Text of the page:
Since its consumption by emperors and other high officials in ancient China, the soup has served as a status symbol and medicinal tool. It is still regarded as one of the priciest soups in the world today.

It is made by infusing rock sugar into the bird’s nest through a double boiling process. The preparation process can last for hours (2).

The soup has a mild flavor and a texture that is a bit gummy, like egg whites. It is prepared as an entree or main course in some specialty Asian restaurants; it is occasionally served with noodles, seafood, or vegetables.

Both macronutrients and micronutrients are found in edible bird’s nests.

Carbohydrates, glycoproteins — molecules with protein and carbohydrate chains that support body functions — and trace elements like calcium, sodium, magnesium, zinc, manganese, and iron make up the key nutrients (7).

A multitude of bioactive substances found in edible bird nests may also have health-promoting properties.

These consist of sialic acid, glucosamine, vitamins, minerals, antioxidants, and amino acids, which are the building blocks of proteins (7). They also include the structural components of fat called fatty acids.

Many people believe that birds’ nests are good for human health, but there isn’t enough evidence to back these claims up.

According to traditional Chinese medicine, eating bird nests can help treat conditions like asthma, TB, and stomach issues (2)

It’s also said that edible bird’s nests might improve libido, strengthen immune function, enhance energy and metabolism, and stimulate circulation. These properties have even been researched in test-tube studies (2, 8).

Nonetheless, these findings need to be confirmed with additional evidence.

Some bioactive substances that are present in edible bird’s nests seem to have the ability to prevent the flu virus (2)

Plus, three preliminary lab studies suggest that components of edible bird’s nests may be able to destroy rapidly growing cancer cells. However, the exact components showing anti-cancer properties are unknown at this time (2).

Nonetheless, further research is needed to support these findings.

The possibility of using edible bird’s nests as a medicinal supplement to treat osteoarthritis and promote bone health is also being investigated.

Although data is scarce, animal research has observed increased bone strength after daily consumption of edible bird’s nest extract (2).

According to animal research, edible bird’s nests may have brain-protective properties (9).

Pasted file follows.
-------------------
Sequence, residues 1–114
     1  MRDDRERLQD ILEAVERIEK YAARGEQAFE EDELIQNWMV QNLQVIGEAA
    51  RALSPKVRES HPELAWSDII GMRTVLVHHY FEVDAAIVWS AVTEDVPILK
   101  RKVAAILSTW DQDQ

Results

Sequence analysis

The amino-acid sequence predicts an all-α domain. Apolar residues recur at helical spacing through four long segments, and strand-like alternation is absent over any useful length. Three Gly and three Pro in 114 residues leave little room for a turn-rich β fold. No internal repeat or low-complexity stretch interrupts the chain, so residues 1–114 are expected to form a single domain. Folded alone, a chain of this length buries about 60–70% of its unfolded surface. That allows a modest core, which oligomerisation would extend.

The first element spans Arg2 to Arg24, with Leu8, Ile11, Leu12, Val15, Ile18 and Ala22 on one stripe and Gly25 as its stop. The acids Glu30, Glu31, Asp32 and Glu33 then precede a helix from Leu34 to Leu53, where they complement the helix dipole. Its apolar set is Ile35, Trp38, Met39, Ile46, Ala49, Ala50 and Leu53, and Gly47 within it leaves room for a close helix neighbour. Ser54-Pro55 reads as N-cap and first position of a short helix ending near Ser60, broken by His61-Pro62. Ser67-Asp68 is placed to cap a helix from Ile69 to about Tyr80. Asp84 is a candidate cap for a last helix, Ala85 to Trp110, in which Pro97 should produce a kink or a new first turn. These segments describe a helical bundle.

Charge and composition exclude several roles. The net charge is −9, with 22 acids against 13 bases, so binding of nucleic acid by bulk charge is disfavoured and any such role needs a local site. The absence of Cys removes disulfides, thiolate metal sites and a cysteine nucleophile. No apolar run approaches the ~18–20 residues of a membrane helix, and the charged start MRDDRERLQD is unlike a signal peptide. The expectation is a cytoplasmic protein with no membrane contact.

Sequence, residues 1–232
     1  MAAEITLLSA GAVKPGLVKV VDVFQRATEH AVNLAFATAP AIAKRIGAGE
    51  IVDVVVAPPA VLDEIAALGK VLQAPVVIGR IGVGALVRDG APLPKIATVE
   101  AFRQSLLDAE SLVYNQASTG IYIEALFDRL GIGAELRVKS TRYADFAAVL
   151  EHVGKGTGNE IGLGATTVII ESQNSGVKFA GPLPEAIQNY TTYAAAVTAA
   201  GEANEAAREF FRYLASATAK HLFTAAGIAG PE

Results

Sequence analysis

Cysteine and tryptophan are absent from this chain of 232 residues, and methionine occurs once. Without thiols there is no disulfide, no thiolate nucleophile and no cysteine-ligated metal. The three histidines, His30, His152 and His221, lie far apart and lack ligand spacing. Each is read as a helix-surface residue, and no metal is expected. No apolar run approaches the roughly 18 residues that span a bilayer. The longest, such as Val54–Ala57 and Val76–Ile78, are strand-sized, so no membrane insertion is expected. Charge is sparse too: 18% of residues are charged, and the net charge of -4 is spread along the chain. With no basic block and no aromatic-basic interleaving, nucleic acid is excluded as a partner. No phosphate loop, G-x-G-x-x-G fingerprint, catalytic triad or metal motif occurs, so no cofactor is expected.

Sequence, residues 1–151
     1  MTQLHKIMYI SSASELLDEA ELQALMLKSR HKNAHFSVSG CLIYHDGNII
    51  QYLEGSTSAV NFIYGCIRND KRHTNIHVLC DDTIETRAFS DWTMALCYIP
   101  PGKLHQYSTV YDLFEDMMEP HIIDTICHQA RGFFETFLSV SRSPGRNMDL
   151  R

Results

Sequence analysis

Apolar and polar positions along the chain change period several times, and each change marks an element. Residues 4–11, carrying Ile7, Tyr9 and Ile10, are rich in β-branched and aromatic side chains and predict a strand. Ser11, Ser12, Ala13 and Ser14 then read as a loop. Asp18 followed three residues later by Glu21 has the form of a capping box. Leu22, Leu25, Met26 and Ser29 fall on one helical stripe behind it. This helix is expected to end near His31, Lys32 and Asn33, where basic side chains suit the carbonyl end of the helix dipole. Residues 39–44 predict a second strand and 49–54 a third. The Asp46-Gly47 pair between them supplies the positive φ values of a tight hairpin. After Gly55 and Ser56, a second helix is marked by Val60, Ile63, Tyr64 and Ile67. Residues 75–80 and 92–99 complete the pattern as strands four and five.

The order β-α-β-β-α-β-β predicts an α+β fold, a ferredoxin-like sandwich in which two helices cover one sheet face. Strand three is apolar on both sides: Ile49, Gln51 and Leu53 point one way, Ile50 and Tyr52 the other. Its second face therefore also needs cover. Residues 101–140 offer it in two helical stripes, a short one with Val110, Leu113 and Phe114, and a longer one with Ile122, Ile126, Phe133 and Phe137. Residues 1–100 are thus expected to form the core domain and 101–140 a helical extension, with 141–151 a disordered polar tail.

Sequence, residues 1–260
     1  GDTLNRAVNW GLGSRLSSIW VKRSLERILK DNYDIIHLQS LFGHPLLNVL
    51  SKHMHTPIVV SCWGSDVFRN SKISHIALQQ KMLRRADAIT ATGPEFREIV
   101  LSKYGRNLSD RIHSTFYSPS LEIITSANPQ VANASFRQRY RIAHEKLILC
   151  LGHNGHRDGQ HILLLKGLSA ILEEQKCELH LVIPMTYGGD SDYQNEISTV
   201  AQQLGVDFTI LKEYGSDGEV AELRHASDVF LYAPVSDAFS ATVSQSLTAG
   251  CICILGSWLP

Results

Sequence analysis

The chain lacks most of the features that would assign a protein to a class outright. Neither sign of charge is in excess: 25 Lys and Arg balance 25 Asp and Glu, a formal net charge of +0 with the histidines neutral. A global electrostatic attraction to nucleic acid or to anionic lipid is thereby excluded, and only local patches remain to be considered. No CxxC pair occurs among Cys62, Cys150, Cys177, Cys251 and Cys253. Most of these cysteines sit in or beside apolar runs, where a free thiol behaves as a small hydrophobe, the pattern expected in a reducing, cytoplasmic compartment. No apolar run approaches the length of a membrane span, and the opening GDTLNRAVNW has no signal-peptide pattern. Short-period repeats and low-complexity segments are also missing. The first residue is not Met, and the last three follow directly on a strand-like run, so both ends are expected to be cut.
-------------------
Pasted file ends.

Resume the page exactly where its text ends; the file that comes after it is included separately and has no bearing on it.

Alzheimer’s disease, Parkinson’s disease, brain injury, and stroke are all linked to cognitive impairment, possibly due to inflammation in the brain (9).

One systematic review in animals showed that edible bird’s nests enhanced cognitive performance by lowering inflammation and oxidative stress (10).

Free radicals, which have the ability to cause disease, harm your body’s cells by changing their chemical structures. This is known as oxidative stress. It can lead to a cascade of adverse health effects.

However, more investigation is required before bird nests and better brain health are connected.


What is the danger of bird nest?

Birds carry pathogens that can be dangerous to the health of you and your family. Nests also contain bird droppings which can carry all sorts of bacteria and other pathogens like histoplasmosis. Nests can also contain parasites, ticks, mites, and other pests that can remain long after birds have vacated a nest.

Can you get diseases from a bird nest?

Birds, bird droppings and nesting materials can carry over 60 diseases and ectoparasites transmittable to humans and animals. Individuals with compromised or weakened immune systems such as the young, elderly and those living with auto immune diseases are the most at risk.

What are the side effects of birds nest?

Although Edible Bird’s Nest is generally safe to consume, there might be potential adverse side effects caused by allergens or poisoning. Symptoms include nausea, vomiting, diarrhea, abdominal pain, headaches, dizziness, fever, chills, and muscle aches.

Why is birds nest illegal?

Due to the biological and behavioral characteristics of some migratory bird species, destruction of their nests entails an elevated risk of violating the MBTA.